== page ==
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What causes change in geological trenches?
Question Date: 2014-04-21
Answer 1:

Good question! I’m not entirely clear on exactly what type of changes you are asking about, but you are right that trenches are dynamic, meaning they change over time.

A geologic trench is the location where an ocean tectonic plate descends beneath a continent or another ocean plate. Ocean plates descend into a trench when they become denser than the mantle rocks that are underneath the plates. This causes them to sink. One way that trenches change is that they move. Sometimes they “retreat” steadily and sometimes they “jump”. I have included an illustration that shows both of these processes. trench migration Trenches “retreat” when the ocean plate that is sinking “rolls back” like a dog’s tongue hanging out of its mouth on a hot day. This causes the trench and the upper plate to be “pulled” toward the ocean (stage 2 of the trench retreat illustration). Trenches can “jump” when a buoyant piece of crust riding on the sinking plate moves into the trench (stage 1 of the trench jump illustration). Because it is buoyant (less dense than the mantle that it is floating on), it can’t sink and clogs the trench. This causes the ocean plate to break and start sinking behind the buoyant crust (stage 2 of the trench jump illustration). These are two examples of how geologic trenches change.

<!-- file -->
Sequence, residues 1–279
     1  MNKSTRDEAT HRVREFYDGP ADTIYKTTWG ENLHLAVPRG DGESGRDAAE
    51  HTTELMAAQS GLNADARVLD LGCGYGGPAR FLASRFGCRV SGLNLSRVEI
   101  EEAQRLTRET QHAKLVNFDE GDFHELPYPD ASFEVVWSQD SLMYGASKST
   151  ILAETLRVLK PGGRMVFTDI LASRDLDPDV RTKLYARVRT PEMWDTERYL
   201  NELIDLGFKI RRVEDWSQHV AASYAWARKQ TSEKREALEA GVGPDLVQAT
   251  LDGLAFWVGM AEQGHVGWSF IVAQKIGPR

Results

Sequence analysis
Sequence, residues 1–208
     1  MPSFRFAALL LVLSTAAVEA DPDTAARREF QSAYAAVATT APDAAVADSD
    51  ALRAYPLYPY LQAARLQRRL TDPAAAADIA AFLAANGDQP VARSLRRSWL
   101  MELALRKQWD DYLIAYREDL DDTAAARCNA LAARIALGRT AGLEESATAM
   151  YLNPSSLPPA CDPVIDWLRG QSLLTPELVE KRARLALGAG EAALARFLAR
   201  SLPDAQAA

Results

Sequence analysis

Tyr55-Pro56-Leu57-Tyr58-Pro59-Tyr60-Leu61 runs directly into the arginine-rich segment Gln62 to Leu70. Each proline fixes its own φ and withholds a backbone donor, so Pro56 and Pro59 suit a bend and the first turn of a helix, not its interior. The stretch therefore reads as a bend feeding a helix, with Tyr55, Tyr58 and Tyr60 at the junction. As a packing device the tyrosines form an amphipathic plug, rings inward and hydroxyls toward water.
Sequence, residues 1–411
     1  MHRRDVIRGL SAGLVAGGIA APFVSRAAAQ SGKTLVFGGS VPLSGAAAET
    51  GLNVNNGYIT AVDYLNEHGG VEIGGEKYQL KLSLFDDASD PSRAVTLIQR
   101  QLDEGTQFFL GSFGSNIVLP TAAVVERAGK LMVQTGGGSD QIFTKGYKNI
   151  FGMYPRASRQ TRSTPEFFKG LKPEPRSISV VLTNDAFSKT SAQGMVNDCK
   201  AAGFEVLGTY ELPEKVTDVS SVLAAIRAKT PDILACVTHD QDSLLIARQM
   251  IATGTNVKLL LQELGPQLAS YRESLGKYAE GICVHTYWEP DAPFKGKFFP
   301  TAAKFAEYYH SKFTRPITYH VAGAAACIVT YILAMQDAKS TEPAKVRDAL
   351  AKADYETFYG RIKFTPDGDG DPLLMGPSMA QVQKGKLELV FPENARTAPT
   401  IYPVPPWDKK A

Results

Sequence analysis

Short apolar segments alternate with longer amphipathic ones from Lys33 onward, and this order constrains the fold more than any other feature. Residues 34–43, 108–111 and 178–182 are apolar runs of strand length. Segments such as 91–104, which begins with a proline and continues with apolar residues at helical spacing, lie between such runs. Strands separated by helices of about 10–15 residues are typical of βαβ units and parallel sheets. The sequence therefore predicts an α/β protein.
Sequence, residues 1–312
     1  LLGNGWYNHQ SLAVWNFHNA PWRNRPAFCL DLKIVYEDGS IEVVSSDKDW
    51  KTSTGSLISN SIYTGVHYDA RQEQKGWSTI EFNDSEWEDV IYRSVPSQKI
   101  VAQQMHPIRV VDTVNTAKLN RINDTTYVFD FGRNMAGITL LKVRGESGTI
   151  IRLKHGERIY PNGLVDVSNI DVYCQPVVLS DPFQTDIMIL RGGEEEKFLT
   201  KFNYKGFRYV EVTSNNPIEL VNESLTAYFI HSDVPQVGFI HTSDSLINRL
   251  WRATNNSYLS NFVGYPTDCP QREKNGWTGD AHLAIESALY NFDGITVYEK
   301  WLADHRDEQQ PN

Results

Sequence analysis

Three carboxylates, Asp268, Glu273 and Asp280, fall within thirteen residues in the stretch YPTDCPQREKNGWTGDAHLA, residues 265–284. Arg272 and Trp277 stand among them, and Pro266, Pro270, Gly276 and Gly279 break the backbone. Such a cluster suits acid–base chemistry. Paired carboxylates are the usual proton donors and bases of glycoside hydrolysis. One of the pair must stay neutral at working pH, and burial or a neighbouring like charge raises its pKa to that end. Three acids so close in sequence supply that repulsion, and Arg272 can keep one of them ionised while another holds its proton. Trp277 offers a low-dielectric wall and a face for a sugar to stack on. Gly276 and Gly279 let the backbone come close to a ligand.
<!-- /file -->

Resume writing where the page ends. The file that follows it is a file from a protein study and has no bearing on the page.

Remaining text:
Answer 2:

Ocean trenches are subduction zones, zones where one ocean plate is diving beneath the other. This creates a furrow where the diving plate goes in, and thus furrow is a trench.

The other is trenches that geologists dig in order to look at layers of sediment. Changes here happen due to different layers being laid down for any number of reasons (typically storms, floods, earthquakes, or other events).

Answer 3:

I am unsure of which changes you mean exactly, but I can talk about a few changes that happen to trenches. Trenches form where one plate is subducting underneath another one. The trench fills up with sediments which are either scraped off from the subducting plate, sediments coming off from the over-riding plate, or from regular ocean sedimentation. So the trench may change as different sediments are deposited into it. Also, tectonic plates are always moving. Each one moves in a direction at a different speed (we can track this today using GPS!). The trench location may move and change depending on the plate movements.

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